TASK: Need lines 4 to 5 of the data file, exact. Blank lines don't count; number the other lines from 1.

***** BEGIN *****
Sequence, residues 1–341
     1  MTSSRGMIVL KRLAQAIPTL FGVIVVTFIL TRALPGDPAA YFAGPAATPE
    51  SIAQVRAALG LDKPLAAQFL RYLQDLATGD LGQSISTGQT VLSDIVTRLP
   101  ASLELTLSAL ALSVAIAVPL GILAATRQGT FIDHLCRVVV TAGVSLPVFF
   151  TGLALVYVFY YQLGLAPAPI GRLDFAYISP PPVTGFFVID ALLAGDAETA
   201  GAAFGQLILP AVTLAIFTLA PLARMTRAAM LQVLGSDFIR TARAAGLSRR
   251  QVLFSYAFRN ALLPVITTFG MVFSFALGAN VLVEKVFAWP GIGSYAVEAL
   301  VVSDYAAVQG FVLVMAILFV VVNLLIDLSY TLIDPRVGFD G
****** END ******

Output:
   101  ASLELTLSAL ALSVAIAVPL GILAATRQGT FIDHLCRVVV TAGVSLPVFF
   151  TGLALVYVFY YQLGLAPAPI GRLDFAYISP PPVTGFFVID ALLAGDAETA